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to God and charity to their fellow-crea- SERM. tures.

III. The design, which he thus pursued in all his discourse to the different characters and orders of his Hearers, is most conspicuous in his Parables, According to the opinion which he formed of their several dispositions has he chosen to represent their several characters in his imaginary narratives.' For it cannot escape our observation, that in the several parables, which place in opposition men of many talents and men of few, men of great endowments and men of small, whether in station, fortune, or understanding, the advartage in the spiritual life is usually given to those, who seem to be favoured least in external qualities and endowments.

A Pharisee and a Publican go up into the temple to pray. The Pharisee recounts all his self-imputed virtues, and presumptuously thanks God that he is not as other men are, or even as that Publican: while the Publican standing afar off would not lift up so much as his eyes unto heaven, but smites upon his breast, saying, God be merciful to me a Sinner! Yet our Saviour tells us, This

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- man

SERM. man went down to his house justified rather III. than the other i

A Priest, a Levite, and a Samaritan encounter severally on the road with a way-faring man, who had been stript and wounded and left half-dead by thieves. The Priest and the Levite after looking on him pass by on the other side: but the Samaritan no sooner saw him than he had compassion on him, and bound up his wounds, pouring in oil and wine, and set him on his own beast, and brought him to an inn, and took care of him. While these two Ministers of God are tacitly disapproved, this charitable Alien is pro

posed for an example even to a Teacher .. of the law; Go and do thou likewise k.

A Rich man is clothed in purple and fine linen and fareth sumptuously every day: while a Poor man is laid at his gate, full of sores, and desiring to be fed with the crumbs which fall from the Rich man's table. Yet their destinies in another world are thus reported by the Patriarch Abraham in his answer to the suit of the Rich man; Son, remember that thou in thy life time receivedst thy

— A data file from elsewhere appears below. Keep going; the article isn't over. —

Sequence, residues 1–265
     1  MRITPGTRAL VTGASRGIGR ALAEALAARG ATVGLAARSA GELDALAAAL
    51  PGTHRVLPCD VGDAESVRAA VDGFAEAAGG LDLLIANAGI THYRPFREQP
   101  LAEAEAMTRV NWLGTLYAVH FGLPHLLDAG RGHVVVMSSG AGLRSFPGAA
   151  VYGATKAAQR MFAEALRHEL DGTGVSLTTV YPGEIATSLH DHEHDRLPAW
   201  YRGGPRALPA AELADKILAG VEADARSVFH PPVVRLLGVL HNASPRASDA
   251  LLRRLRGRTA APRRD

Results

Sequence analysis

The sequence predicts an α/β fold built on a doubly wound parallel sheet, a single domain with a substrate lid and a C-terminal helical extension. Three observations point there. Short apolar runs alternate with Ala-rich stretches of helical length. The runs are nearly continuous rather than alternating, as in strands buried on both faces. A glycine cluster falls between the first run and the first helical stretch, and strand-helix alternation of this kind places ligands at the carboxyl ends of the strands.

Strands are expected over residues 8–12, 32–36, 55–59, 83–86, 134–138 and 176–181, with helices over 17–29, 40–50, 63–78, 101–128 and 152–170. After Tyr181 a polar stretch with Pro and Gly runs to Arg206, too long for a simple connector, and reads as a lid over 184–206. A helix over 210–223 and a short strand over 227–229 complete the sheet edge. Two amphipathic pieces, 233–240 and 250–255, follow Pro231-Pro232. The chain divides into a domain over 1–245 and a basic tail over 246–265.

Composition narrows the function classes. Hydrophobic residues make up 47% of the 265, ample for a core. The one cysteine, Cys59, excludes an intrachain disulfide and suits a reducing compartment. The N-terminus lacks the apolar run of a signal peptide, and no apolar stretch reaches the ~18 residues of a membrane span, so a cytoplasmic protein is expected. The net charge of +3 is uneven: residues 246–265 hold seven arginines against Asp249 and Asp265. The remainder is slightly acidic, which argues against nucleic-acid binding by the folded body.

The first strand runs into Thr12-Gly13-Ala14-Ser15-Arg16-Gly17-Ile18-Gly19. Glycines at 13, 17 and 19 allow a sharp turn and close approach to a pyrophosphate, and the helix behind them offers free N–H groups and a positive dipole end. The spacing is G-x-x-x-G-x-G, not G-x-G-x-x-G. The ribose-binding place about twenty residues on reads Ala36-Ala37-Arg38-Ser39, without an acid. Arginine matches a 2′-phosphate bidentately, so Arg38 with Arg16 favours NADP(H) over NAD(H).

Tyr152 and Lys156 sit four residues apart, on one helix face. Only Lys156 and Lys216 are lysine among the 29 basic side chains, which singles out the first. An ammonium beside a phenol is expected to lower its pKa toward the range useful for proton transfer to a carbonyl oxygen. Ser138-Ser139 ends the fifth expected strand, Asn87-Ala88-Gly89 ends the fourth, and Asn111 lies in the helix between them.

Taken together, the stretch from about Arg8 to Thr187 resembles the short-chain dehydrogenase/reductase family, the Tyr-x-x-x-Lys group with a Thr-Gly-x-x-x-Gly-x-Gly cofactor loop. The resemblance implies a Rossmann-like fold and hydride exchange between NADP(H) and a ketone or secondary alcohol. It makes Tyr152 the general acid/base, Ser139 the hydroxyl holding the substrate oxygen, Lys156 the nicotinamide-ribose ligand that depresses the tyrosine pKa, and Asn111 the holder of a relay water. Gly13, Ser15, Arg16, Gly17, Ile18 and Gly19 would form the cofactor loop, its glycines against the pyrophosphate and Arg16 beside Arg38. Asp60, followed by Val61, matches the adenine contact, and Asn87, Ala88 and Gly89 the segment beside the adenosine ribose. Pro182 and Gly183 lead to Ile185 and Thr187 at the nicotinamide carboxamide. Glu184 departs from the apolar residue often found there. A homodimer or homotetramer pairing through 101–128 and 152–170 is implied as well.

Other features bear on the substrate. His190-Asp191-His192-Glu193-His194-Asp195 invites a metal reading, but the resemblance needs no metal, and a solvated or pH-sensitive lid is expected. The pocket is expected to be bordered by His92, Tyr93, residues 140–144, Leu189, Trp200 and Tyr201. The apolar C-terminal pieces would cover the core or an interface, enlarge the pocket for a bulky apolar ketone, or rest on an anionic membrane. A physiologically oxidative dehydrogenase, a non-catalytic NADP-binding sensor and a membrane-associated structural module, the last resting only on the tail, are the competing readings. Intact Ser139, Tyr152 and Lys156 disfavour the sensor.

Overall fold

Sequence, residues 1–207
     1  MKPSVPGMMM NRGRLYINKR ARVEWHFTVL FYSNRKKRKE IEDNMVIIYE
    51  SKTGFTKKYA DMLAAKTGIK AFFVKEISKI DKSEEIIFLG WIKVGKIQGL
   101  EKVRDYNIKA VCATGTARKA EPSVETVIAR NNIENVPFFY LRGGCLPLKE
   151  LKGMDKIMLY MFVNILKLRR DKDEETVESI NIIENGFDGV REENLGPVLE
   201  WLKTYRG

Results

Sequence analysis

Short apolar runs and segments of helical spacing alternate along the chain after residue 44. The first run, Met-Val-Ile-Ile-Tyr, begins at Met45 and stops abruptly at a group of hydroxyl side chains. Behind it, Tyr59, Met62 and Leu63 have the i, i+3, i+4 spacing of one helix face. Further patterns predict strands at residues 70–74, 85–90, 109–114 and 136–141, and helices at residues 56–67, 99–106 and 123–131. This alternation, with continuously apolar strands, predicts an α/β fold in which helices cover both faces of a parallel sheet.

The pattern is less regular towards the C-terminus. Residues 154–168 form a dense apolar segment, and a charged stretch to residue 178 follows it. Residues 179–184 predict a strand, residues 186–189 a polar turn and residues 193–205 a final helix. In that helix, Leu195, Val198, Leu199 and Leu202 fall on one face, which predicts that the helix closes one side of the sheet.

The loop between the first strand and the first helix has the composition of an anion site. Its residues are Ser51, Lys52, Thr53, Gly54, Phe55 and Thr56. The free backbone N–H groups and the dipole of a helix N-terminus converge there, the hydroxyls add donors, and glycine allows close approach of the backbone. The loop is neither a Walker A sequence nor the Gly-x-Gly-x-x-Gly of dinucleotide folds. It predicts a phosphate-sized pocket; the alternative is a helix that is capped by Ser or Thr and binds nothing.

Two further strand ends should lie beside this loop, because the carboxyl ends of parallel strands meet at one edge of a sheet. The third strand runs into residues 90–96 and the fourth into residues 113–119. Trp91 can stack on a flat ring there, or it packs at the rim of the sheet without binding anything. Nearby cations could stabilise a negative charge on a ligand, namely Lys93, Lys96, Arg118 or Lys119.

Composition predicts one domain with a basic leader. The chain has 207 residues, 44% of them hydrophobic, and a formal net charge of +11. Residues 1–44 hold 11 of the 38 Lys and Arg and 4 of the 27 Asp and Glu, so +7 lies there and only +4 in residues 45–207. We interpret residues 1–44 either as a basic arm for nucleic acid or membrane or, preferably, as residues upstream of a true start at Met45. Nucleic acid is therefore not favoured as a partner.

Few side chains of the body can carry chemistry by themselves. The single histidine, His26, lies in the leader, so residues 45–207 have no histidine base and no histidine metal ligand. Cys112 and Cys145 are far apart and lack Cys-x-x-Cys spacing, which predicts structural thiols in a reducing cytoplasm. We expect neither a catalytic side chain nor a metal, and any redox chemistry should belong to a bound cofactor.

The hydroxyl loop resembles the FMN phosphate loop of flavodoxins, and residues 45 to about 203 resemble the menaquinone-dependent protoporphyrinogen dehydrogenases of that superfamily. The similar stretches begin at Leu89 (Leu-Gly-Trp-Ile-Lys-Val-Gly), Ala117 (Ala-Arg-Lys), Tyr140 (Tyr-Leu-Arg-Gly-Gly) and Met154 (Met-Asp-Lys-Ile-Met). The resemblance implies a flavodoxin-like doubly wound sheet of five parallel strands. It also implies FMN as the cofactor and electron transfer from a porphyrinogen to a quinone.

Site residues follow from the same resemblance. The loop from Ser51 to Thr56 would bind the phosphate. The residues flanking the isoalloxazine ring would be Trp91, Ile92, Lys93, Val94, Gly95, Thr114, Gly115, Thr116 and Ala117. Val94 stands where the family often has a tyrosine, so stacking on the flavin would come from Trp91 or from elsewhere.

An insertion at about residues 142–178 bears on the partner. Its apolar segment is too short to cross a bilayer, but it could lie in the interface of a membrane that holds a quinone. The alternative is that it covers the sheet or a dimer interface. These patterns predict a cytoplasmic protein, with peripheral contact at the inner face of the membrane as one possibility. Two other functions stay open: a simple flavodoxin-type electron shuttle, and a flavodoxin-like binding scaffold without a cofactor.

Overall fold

Luke xviii. 10, &c.

Luke x. 30, &c.

- good

good things, and likewise Lazarus his evil SERM. things; but now he is comforted and thou III. ' art tormented'.

Our reason might incline us to expect from those of superior endows ments this principle of justice; this testimony of gratitude towards the divine Donor, that the more they have received, the more they be solicitous to return. But a slight experience in the ways of men will suffice to teach us, that their justice and gratitude seldom rise in proportion to the benefits conferred upon them. Our Lord, who knew what was in man, appears to have looked with most complacence on those, who occupied the lowest rank in station, fortune, or understanding. And in his imaginary narratives he has placed the least endowed in the most advantageous point of view. .

But lest we should suppose that he shewed a greater favour to the poor and humbler ranks of men on any other account, than as they were better disposed for the reception and cultivation of religious truth, we are supplied with one case altogether opposite in the pa

Luke xvi. 19, &c,

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SERM, rable of the Talents which a certain :'III. Householder committed to his Servants; had the result of which was this, that they, who

had received a larger stock of Talents, or were more liberally gifted with the endowments of Providence, made a due improvement of their several gifts, and accordingly received a proportionate reward; while he, who had received only one Talent, or was but slenderly gifted, with the endowments of Providence, neglected altogether to turn it to any use, and was therefore condemned as a faithless and unprofitable Servant m. i

Such is the special application of our Saviour's parables. They have a direct and immediate reference to the people to whom he spoke and to the age in which he came into the world.

But we must not rest in this limited application as the full and final purpose, for which they were delivered. The providence of God, by committing them to record in his written word, has undoubtedly designed them for lessons of universal and perpetual use.

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While therefore they point at particular serM. characters and distinctions of men in a III. certain country or a certain age, they may also be accepted and applied as lessons of practical instruction in every country and in every age.

To take an example from the parable of the Sower": while in its primary sense it represents the Author of our holy faith disseminating the word of God among the people of Israel, it also in a more general and comprehensive acceptation represents every diligent Minister of the Gospel in the Church of Christ dispensing the same word in the sphere of his respective ministry.

To take another instance from the parable of the Father who had two Sons of opposite dispositions and characters°: while the case of the Younger Son in the primary design is an image of the Publicans and Sinners, who drew near for to hear him ; it extends this encouragement and consolation to all other Sinners, that if they will forsake their evil ways and turn unto the Lord in contrition and penitence, he will accept them as children, will pardon

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